Allocating Scarce Life-Sustaining Resources in a Disaster
Eric Toner, MD, August 18, 2017
During a catastrophe, healthcare providers may face difficult questions about who will receive limited life-saving resources. My colleagues and I at Johns Hopkins just published the results of a multi-year study examining the public’s values regarding how scarce mechanical ventilators should be allocated during an influenza pandemic.1
Deliberative Democracy Forums
We conducted 15 half-day community engagement forums with the general public and health-related professionals around the state of Maryland using “deliberative democracy” practices. Deliberative democracy is a methodology to engage the public in facilitated small group discussions around potentially contentious social issues. A total of 324 individuals participated in the forums.
Some Divergence from Expert Guidance
Most participants indicated a preference for approaches that prioritize short- and long-term survival—that is, giving priority to those most likely to survive the immediate illness in order to maximize the number of life-years saved. This is consistent with previously issued recommendations made by groups of experts. But the participants also indicated that these should not be the only factors driving decision making during a crisis. Fairness and social justice, for example, were also very important to many participants. Qualitative analysis identified 10 major themes that emerged. Many, but not all, themes were consistent with the views of experts. The most important difference with experts’ views related to withholding versus withdrawing ventilator support. Expert groups have suggested that these are ethically equivalent actions; however, the majority of both lay participants and healthcare providers in our forums did not agree and felt that withdrawal of a life-sustaining resource from a lower priority person in order to reallocate it to someone of a higher priority is much more fraught than not providing it in the first place.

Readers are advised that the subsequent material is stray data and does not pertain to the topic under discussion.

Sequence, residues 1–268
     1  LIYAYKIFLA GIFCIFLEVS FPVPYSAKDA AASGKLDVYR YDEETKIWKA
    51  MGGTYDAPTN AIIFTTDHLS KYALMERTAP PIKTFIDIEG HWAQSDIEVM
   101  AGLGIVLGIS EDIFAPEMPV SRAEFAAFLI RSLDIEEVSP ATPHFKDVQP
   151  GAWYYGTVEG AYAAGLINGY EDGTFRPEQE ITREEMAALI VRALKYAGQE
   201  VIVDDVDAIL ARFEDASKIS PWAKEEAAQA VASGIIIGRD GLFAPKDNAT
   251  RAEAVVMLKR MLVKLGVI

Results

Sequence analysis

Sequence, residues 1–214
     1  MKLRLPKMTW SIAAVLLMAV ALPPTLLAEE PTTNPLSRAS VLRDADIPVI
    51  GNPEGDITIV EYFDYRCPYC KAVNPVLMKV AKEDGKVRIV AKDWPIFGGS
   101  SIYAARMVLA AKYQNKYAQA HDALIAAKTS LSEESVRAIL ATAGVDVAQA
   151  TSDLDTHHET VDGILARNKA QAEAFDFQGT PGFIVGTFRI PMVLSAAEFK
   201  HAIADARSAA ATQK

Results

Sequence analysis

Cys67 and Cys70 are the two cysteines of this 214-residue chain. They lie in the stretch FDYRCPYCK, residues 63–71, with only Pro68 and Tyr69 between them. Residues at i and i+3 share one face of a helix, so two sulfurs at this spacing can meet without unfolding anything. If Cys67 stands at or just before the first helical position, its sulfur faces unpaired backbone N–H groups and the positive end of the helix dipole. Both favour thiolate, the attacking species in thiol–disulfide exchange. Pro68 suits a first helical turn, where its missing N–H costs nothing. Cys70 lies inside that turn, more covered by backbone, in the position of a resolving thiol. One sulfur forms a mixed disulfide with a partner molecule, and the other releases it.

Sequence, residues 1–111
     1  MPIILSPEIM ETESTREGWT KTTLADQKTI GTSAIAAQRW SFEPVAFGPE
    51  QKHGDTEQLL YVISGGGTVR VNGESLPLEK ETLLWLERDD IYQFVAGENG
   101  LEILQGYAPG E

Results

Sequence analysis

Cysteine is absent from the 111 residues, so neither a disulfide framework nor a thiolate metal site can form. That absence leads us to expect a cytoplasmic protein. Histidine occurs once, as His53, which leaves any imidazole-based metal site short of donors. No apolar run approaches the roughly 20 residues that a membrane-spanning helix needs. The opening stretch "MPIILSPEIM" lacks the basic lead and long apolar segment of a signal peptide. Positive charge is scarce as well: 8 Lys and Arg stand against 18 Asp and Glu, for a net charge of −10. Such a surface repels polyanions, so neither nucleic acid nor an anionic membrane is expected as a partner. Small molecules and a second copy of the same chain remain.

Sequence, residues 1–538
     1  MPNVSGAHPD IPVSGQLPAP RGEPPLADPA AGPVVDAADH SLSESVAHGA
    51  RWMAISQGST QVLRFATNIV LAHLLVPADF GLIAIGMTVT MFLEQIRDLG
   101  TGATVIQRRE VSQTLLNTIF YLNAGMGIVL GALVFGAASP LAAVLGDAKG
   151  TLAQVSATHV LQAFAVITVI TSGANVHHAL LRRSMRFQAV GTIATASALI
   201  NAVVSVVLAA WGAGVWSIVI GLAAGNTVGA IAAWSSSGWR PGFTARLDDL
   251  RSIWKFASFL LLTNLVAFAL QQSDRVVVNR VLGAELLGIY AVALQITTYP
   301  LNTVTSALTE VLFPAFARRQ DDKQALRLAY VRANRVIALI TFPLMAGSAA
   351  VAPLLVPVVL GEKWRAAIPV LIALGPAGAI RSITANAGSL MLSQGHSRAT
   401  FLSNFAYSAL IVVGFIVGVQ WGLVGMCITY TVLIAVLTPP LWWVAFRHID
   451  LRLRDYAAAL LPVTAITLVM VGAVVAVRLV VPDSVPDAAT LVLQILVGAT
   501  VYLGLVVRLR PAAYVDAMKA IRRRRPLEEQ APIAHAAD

The values expressed by the public and frontline clinicians sometimes diverge from expert guidance in important ways, including in ethically challenging life-and-death situations. Awareness of these differences should inform policymaking.
- Biddison ELD, Gwon HS, Schoch-Spana M, Regenberg AC, Juliano C, Faden RR, Toner ES. Scarce resource allocation during disasters: a mixed-method community engagement study. CHEST 2017. doi: 10.1016/j.chest.2017.08.001. http://journal.chestnet.org/article/S0012-3692(17)31393-4/pdf. Accessed August 16, 2017.